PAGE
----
Keir Starmer backs police who take the knee during Black Lives Matters protests
Labour leader Sir Keir Starmer (Photo: LBC)
3 min read
Sir Keir Starmer has backed police officers who choose to take the knee during Black Lives Matter protests.
The Labour leader said individual officers were “best placed” to make decisions on whether to show their support for the nationwide protests against racial injustice.
But he criticised those who had pulled down a controversial statue of a slave trader in Bristol.
This weekend saw a string of largely peaceful protests across the country in the wake of the death of George Floyd, who died in police custody in the United States.
But there were a number of arrests in London after some demonstrators clashed with police, while a statue of 17th-century slave trader Edward Colston was torn down and thrown into the River Avon in Bristol.
During the protests, some officers have been pictured taking the knee - a protest symbol that began in the United States.
Pressed on whether he backed those officers in his new LBC phone-in show, Sir Keir said: “I think a number of officers want to.
“Obviously, the violence against them is completely unacceptable as Commissioner Cressida Dick has said.”
He added: “Nobody, but nobody, thinks there's anything good about that violence.
“But officers taking the knee where they want to, where things are peaceful, I think is a very good thing.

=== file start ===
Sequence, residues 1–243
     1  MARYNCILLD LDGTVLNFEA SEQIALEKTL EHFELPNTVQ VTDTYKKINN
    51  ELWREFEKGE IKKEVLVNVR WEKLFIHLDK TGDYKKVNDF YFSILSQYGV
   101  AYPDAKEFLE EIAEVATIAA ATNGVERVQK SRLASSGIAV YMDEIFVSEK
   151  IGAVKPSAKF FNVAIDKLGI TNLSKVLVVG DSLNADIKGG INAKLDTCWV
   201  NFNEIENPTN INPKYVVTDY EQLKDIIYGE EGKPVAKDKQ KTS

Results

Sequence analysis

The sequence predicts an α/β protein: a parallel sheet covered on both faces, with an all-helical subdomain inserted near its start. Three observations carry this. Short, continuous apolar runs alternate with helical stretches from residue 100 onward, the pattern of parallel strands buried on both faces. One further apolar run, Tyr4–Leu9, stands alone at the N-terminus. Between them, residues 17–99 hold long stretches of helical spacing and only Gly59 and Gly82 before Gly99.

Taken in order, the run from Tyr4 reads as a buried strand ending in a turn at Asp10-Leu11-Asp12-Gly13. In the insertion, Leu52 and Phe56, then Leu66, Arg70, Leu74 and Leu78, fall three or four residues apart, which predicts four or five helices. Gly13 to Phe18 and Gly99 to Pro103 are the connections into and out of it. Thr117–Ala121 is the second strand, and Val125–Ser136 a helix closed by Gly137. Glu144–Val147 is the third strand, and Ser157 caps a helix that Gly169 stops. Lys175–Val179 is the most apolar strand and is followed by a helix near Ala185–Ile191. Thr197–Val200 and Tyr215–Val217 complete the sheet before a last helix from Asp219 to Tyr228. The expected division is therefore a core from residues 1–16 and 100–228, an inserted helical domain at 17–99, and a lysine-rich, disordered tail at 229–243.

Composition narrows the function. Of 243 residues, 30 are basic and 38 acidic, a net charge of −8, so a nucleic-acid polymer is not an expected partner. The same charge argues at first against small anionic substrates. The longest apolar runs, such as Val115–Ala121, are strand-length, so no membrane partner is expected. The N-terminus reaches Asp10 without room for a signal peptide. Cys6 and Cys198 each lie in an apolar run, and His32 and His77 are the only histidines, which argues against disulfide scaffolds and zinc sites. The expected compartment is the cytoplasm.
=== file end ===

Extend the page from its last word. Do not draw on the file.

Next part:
“It should be an individual decision...
“There's a lot of discretion in policing, handling a situation and individual officers that know their communities are best placed I think to make those decisions.”
But the Labour leader condemned the way the Colston statue in Bristol had been removed.
The 18ft, Grade II listed statue was erected in 1895 to honour Mr Colston, who led the Royal African Company, which transported slaves between West Africa, the Caribbean and the Americas.
Those on board the company’s ships were kept in unhygienic and cramped conditions and branded with the firm’s initials - RAC.
Thousands died during the voyages.
Sir Keir said of the statue’s toppling: “Yeah, it shouldn't have been done in that way — completely wrong to pull a statue down like that.”
But he added: “Stepping back that statue should have been taken down a long, long time ago.
“You can't in 21st century Britain have, you know, a slaver on a statue. A statue is there to honour people, and you can't have that in 21st century Britain that statue should have been brought down properly with consent and put, I would say the museum.
“This was a man who was responsible for 100,000 people being moved from Africa to the Caribbean as slaves, including women and children who were branded on their chests with the name of the company that he ran.
“Of the hundred thousand 20,000 died en Route and they were chucked in the sea. He should not be in a statue in Bristol or anywhere else.
“He should be a museum because we need to understand this. That should have been taken down a long time ago.”
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